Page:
Furthermore, sediment yields are transported downstream by surface runoff following upstream soil erosion caused by high rainfall (Freebairn et al. 1996). Moreover, sediment transportation and soil erosion are increasing due to intensified complex rainfall and increased annual precipitation triggered by climate change (Mullan 2018). Obviously, soil erosion could be aggravated by many agent factors like wind, heavy rainfall, and water flow, but significantly, sediments can be transported at higher levels due to intense water flow or runoff (Alhamid, 2002; Horton 1945; Vanoni 2006). Consequently, it’s critical to calculate the annual soil loss and sediment transport by water-induced erosion.

According to Wischmeyer (1978), there are many different types of advanced erosion models being developed and used around the world. The USLE model is a highly employed erosion prediction model that predicts soil losses due to sheet and rill erosion under specific cropping and management system conditions. Due to its simplicity, the USLE model is employed all over the world (Smith 1999). Because the improved RUSLE model requires detailed and continuous rainfall data as well as maximum 30-min rainfall intensity and rainfall kinetic energy data, it is challenging to apply it to newly created research locations. This crucial and in-depth information is consequently unavailable on several research websites due to a number of technical challenges (Kim 2005; Renard 1997).

Sediment Transport Index (STI) can also be calculated, as suggested by Moore and Burch (1986), using the Raster Calculator environment on ArcGIS. Hence, due to the many factors mentioned above, soil losses and sedimentation due to severe erosion have become a threat in the Ada’a watershed. Even though rapid urbanization and climate change impacts have been significantly observed in the area, various studies could not include this specific watershed area. Obviously, this would create a heavy research gap and hinder scholars from exercising different modeling methodologies due to a lack of references. As a result, the primary goals of this study were to estimate the average yearly soil loss rate, identify and prioritize significant erosion-prone regions for conservation planning purposes using the Universal Soil Loss Equation Model (USLE), and compute the Sediment Transport Index of the study watershed by integrating GIS and remote sensing technology.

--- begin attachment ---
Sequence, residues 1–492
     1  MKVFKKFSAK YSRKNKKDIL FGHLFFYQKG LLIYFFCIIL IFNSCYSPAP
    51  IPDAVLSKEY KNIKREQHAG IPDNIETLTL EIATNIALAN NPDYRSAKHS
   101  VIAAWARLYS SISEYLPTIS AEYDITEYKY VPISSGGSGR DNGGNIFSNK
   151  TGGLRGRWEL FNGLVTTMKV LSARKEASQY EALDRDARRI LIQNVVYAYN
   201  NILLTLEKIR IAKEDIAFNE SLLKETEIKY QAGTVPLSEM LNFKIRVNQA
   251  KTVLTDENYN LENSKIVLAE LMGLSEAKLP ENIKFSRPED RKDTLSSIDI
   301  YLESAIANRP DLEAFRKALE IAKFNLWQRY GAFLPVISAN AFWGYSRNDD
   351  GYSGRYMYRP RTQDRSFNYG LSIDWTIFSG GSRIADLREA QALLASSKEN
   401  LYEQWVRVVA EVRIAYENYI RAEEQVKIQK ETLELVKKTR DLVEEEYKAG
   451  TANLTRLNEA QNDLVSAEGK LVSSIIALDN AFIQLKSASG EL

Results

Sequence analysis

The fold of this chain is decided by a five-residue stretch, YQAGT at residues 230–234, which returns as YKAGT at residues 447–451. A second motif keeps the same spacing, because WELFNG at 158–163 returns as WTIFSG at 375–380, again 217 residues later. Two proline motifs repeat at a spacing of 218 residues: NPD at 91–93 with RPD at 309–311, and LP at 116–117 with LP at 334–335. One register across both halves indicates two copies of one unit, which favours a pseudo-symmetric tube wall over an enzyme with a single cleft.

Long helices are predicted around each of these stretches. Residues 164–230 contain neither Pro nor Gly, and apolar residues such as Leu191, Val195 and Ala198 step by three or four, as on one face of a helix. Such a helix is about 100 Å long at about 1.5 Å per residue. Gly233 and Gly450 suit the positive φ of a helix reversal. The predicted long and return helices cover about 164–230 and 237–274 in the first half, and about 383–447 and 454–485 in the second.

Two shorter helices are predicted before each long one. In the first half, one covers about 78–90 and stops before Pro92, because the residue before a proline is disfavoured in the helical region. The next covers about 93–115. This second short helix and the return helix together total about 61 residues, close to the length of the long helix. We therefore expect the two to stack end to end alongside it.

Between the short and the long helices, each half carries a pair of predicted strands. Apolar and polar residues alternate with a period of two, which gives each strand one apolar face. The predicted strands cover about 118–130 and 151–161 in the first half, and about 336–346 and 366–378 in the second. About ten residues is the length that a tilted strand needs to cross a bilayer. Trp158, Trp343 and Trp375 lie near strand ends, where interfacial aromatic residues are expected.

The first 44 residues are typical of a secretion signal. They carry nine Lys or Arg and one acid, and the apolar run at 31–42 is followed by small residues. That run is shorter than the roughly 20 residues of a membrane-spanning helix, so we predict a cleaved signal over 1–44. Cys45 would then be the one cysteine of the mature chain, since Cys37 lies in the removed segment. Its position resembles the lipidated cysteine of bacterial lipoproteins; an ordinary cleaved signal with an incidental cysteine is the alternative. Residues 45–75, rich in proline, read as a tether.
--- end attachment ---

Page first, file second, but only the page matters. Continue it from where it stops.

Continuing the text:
Description of the study area

This study was conducted in the Ada’a watershed, which is found in the east shoa zone of Oromia regional state, 47 km away from the capital, Addis Ababa.

A study watershed is located within latitude of 6030ʹ00″N and a longitude of 38059ʹ9″E (Fig. 1). The Elevation of Ada’a watershed ranges from 1748 to 2193 m above sea level, and the mean annual temperature varies between 15 and 20 ℃.

Fig. 1
figure 1

Ada’a watershed map


The rainfall pattern in Ada’a watershed is mono-modal with a single peak. The Wadecha-Belbela River system catchments, however, have an even longer wet season (March–September, with mean monthly rainfall varying from 50 to 223 mm). June to September rainfall contributes 74% to the mean annual precipitation in the catchment. The mean annual rainfall obtained from the monthly rainfall on the basis of 53 years of records at the Bishoftu Research Center meteorological station gauge is about 866.6 mm. The highest amount of rainfall was registered between June and September, and the lowest between February and May. The effective rainfall is 662.5 mm (Oromia Agricultural Research center, 2017).

Data sources

Over time, the methods for predicting soil loss have changed. The Universal Soil Loss Equation (USLE), which includes five factors whose values were calculated using their formulas, is the most commonly used equation for predicting soil loss over the whole watershed. Using the USLE model, the following empirical equation—a sum of five significant erosion-governing parameters—was utilized to quantify soil erosion in the study catchment (Wischmeyer 1978):

$${\text{A }} = {\text{ R }} \times {\text{ K }} \times {\text{ LS }} \times {\text{ C }} \times {\text{ P}}$$

The USLE model variables are acquired from innumerable sources. The rainfall erosivity factor (R-value) was derived from annual rainfall data on the tropical rainfall measurement mission (TRMM) websites. The soil erodibility factor (K value), which consists of organic matter, texture, and structure of the soil of the study area, is also determined from the FAO soil portal database. Slope length and slope gradient factor (LS value) were obtained from the analysis of DEMs with 30 m resolution. The crop factor (C) and conservation practice factor (P) values are estimated by analyzing the Landsat 7 image and DEM of the study area (Table 1).